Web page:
March 28, 2021
Researcher Heather McKillop has found proof in an ancient 2,500 year old mural at the Maya site of Calakmul, in the Yucatan, that the Maya used salt cakes wrapped in leaves being sold at a marketplace by a salt vendor. Mckillop and her team discovered the first ancient Maya salt kitchens of pole and thatch submerged in a saltwater lagoon in Belize in 2004..
They have mapped 70 sites in the Paynes Creek Salt Works in a mangrove forest in Belize. They found 4,042 submerged architectural wooden posts, a canoe, an oar, a high-quality jadeite tool, stone tools used to salt fish and meat and hundreds of pieces of pottery. They were making a surplus of these salt cakes for trade by canoes up rivers. They were making these in pots in standardized units.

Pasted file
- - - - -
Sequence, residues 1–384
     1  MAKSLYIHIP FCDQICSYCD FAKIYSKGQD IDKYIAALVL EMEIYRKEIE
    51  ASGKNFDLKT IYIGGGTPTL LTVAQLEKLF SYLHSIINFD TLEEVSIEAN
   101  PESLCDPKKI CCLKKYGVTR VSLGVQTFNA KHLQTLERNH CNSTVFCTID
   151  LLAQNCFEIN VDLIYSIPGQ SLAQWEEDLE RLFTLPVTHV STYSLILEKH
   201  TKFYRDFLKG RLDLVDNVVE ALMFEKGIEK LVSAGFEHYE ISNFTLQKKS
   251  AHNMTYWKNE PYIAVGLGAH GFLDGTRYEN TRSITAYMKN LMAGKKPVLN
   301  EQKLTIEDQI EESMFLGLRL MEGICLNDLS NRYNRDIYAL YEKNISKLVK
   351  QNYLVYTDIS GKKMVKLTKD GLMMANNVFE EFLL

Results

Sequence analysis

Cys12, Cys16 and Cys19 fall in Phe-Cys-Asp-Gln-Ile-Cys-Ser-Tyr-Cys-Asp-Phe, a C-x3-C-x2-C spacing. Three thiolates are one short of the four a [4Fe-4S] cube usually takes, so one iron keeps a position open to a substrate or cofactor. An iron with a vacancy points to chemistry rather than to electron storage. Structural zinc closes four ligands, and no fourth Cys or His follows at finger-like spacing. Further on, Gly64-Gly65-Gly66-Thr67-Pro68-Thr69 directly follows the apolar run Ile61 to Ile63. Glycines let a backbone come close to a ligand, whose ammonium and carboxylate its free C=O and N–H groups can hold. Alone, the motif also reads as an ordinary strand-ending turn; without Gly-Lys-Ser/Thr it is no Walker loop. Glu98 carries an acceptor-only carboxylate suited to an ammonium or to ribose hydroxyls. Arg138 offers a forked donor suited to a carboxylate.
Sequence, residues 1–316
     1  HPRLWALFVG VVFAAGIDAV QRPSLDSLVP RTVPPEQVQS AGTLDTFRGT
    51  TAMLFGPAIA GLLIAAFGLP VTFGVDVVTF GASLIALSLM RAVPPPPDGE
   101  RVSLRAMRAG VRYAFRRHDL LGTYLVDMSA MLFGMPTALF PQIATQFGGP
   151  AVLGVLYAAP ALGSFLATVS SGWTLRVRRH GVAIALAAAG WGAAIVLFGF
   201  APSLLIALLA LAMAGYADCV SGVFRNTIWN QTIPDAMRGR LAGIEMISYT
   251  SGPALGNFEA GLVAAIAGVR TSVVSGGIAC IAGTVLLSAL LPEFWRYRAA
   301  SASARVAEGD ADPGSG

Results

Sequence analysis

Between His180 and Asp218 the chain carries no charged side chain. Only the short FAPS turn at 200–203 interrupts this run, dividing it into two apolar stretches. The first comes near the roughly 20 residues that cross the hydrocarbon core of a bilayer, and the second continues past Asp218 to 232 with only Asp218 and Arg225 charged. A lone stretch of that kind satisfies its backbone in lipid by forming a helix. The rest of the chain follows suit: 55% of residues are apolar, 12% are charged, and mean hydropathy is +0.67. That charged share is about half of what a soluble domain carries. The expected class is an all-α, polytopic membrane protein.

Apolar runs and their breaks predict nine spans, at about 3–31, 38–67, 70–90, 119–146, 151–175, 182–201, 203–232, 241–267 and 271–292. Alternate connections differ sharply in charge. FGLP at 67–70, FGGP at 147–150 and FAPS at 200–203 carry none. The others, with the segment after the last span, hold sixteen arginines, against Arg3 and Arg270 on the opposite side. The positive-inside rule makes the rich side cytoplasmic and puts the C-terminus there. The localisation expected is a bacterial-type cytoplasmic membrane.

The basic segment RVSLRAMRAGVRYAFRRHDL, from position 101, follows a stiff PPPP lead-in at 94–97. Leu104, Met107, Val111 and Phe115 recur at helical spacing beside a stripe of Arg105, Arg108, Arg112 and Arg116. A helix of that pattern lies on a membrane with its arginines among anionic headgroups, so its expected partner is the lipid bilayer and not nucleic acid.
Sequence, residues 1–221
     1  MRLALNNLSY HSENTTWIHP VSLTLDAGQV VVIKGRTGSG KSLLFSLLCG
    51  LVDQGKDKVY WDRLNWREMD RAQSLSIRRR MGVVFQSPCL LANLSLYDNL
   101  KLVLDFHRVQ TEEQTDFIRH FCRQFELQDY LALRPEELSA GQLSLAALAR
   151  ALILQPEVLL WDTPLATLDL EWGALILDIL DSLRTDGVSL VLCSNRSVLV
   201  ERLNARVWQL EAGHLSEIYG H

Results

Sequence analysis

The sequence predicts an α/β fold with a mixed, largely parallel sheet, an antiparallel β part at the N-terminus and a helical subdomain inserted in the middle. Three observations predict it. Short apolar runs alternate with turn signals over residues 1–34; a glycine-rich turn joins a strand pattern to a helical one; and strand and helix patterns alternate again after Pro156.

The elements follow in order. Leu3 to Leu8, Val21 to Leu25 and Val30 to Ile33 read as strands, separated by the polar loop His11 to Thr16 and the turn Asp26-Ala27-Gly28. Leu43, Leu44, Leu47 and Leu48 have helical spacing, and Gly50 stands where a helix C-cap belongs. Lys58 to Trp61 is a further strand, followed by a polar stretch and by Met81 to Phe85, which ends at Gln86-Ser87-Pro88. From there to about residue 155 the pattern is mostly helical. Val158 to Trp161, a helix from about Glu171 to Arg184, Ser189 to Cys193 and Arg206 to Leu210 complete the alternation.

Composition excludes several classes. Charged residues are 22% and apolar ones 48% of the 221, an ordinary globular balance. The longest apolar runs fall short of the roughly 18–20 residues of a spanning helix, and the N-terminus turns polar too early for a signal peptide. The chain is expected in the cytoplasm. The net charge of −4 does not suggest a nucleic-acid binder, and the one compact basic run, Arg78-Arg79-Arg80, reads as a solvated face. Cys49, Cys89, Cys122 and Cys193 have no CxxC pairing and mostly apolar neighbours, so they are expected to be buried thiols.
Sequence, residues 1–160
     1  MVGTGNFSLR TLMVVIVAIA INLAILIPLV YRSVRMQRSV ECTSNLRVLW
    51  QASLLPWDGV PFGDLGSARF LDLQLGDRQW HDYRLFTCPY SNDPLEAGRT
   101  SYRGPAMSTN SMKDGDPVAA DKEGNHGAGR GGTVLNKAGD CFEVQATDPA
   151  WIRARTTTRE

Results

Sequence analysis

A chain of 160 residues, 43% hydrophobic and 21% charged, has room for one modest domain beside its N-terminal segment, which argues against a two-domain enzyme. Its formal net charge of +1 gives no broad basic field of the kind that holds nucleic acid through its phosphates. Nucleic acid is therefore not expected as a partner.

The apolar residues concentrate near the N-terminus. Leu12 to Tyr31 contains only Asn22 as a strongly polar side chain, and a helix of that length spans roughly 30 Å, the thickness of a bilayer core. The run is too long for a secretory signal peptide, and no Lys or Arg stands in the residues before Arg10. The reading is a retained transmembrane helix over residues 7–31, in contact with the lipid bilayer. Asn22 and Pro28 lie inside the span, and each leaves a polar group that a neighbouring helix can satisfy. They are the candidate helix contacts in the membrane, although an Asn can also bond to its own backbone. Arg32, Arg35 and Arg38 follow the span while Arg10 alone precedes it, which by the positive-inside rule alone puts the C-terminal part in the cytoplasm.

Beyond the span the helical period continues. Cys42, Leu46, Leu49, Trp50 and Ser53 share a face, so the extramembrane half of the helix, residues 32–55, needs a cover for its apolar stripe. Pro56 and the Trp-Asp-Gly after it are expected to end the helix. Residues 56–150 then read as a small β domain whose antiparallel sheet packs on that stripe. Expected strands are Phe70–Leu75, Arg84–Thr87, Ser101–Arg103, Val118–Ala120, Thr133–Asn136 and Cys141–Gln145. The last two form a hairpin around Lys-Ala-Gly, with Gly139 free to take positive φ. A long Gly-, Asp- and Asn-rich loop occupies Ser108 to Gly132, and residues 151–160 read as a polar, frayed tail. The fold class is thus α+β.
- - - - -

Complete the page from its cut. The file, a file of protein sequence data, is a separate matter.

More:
Her paper was published in the Journal of Anthropological Archaeology. Heather McKillop. 2021. Salt as a commodity or money in the Classic Maya economy. Journal of Anthropological Archaeology 62: 101277; doi: 10.1016/j.jaa.2021.101277
Sci-News has the story here with the mural: